Dog lovers have you had a chance to watch “Canine Intervention” yet?
The Netflix series follows renowned Oakland dog trainer, Jas Leverette and his business, Cali K9, one of the top dog training facilities in California. Using his unique training methods and techniques, each episode features Jas as he works with multiple dogs and their owners to remedy their behavior issues. Jas works with all breeds, he’s never turned a dog away, and he can correct even the most extreme behavior issues. “Canine Intervention” is produced by A. Smith & Co. with Arthur Smith, Frank Sinton, Elise Durán and Jasalah Leverette serving as executive producers. Check out the trailer below:
BOSSIP’s Sr. Content Director Janeé Bolden chatted with Jas Leverette about “Canine Intervention” and got some tips for all the dog owners out there who may be having difficulties with their dogs. Check out their Q&A below:
BOSSIP: The lessons you gave within the episodes were helpful to people at home. How important was it to you that you were not only showing your training experiences but also helping people develop better habits for themselves and their pets?
Jas Leverette: A big part of it was to be an education piece and actually to understand the mindstate a dog should be in with training, getting the dog in that motivated state, giving the dog some structure and showing them some step-by-step fundamentals. With TV you’re kind of on the go and we’re trying to give the full picture of what everything looked like step by step. We had to give a little time to let the dog develop but yeah that’s what I’m about. I’m a teacher. My gift to the world is to use what I have to help people.
BOSSIP: Did you have a favorite episode?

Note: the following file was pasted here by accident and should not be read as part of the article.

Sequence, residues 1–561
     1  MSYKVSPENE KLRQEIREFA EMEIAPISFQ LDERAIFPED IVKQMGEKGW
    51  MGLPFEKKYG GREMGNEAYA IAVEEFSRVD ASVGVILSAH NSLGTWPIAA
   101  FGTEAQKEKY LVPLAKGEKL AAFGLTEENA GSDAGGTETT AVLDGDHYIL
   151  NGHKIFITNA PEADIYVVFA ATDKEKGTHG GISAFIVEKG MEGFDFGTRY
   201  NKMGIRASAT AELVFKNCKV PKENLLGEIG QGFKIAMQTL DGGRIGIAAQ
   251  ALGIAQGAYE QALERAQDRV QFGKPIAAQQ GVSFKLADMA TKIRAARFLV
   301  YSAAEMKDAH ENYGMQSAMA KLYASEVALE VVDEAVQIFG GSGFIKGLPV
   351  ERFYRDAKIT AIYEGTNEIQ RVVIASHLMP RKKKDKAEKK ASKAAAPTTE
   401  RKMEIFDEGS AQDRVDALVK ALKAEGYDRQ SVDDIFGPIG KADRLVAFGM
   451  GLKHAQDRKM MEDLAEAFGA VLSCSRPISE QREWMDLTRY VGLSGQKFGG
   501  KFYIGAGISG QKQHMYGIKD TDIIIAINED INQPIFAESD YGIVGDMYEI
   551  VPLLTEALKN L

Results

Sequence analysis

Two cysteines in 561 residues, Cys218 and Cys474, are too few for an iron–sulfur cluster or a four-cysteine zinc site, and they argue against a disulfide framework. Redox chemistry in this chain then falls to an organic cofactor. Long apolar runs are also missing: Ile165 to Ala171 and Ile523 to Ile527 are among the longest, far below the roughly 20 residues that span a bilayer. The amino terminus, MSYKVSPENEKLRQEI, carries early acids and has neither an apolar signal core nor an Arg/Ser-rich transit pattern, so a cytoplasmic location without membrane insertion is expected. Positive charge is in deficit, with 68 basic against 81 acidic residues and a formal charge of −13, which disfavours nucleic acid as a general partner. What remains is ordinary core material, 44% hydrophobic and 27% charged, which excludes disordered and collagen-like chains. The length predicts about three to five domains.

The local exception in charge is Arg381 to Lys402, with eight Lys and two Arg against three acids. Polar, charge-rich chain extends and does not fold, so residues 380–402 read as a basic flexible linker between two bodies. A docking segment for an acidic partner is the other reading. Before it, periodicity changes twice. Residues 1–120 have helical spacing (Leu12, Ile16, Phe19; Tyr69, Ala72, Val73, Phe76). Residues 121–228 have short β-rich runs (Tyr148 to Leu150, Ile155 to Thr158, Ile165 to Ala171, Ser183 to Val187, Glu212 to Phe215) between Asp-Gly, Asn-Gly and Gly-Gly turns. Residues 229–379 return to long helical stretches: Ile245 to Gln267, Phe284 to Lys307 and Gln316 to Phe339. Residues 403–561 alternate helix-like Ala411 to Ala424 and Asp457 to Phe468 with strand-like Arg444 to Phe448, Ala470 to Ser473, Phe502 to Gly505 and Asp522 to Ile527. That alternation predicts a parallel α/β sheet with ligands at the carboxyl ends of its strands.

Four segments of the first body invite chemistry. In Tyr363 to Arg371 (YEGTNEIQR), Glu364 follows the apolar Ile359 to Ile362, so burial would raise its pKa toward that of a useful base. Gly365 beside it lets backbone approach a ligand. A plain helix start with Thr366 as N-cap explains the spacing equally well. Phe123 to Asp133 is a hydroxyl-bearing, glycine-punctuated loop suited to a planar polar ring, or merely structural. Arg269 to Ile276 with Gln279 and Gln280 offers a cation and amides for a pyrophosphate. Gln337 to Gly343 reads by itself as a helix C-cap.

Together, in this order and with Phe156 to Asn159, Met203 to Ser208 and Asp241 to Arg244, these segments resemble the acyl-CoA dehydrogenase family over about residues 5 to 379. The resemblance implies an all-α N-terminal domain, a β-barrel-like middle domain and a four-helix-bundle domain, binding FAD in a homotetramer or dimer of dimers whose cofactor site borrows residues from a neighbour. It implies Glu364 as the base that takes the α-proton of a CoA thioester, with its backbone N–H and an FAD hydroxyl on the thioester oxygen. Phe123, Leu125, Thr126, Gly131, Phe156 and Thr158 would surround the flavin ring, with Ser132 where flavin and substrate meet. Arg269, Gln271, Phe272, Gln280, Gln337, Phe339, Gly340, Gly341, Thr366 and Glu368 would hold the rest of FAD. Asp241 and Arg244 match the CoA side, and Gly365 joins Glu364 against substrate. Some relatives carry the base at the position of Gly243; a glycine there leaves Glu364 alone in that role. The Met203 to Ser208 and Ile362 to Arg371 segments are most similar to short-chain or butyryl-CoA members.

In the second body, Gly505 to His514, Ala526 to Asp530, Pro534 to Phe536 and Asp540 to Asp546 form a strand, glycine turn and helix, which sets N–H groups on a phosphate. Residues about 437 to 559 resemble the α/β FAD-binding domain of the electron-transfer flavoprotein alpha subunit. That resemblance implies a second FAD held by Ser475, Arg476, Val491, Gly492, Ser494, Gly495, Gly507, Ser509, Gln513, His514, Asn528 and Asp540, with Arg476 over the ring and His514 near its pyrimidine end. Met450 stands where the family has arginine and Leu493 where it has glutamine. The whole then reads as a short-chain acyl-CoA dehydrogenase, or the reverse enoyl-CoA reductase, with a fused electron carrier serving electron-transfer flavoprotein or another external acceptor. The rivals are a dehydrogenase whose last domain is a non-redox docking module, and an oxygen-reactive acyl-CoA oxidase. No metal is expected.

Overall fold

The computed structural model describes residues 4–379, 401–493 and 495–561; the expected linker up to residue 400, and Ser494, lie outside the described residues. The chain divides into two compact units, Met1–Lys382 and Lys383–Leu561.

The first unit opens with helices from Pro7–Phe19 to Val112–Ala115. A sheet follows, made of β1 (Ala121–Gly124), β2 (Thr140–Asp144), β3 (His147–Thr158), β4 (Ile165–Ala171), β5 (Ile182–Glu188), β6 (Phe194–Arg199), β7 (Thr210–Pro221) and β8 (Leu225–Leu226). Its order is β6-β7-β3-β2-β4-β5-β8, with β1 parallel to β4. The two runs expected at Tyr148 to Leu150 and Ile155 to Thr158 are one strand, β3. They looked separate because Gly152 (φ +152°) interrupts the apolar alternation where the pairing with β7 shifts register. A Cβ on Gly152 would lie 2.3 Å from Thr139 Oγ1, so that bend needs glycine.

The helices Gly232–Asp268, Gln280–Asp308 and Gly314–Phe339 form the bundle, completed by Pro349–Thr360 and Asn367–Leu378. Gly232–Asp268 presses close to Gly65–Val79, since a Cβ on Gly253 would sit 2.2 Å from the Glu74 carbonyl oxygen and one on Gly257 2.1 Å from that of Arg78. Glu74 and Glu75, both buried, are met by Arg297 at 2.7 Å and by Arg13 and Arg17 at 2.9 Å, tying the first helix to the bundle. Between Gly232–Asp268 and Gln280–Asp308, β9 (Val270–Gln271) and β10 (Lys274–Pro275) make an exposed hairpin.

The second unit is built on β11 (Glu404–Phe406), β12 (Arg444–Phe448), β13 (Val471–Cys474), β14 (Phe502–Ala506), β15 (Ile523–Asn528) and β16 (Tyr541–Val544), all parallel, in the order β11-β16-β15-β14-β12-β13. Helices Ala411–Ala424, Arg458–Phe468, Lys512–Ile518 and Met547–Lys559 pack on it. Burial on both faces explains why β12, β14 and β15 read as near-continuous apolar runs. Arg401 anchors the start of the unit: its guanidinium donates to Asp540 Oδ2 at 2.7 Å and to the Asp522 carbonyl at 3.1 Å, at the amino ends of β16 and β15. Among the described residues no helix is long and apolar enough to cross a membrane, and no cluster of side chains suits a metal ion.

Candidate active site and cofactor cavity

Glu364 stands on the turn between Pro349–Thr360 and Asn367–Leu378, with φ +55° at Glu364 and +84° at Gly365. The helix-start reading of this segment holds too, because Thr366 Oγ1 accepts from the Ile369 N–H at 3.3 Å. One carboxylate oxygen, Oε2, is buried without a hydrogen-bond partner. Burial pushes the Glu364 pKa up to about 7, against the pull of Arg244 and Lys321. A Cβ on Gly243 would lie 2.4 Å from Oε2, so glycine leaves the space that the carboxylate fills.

JL: I really enjoyed all of them. If I had to choose one I liked Episode 6 because it had so many dogs we dealt with. Helping the dogs in the rescue and my son being born. It was all there. They all have something special about them to me.
BOSSIP: How many dogs do you have?
JL: At my home I have three and then we have a few other dogs who are like family who are retired these days and we’re not using much and we have my dogs at my facility as demo dogs and trainer dogs that work with the trainer so I have a fair share. We’ll put a safe number at 6.
Did you have to do anything special with the dogs while your wife was pregnant to get ready for the baby?
No, not really. In my house, my dogs have their place so they’re not running around all crazy. The dogs have the yard for that. When they are in the house they are kinda kicking back with us so the baby is never really walking around too far. They know the boundaries with the baby in the house. My son has his own dog. They hang out. My son is real comfortable with the dogs. It’s been smooth.
Did you have to introduce the baby to the dogs?
Well on the show I have Musa come to the house. Musa was a puppy when Jasir was a baby. So pretty much from the time Jasir came home he had some kind of dog around in some shape or form. They sniff him. Everyone is giving each other some space but still socializing.
What are some common mistakes people make when they adopt dogs?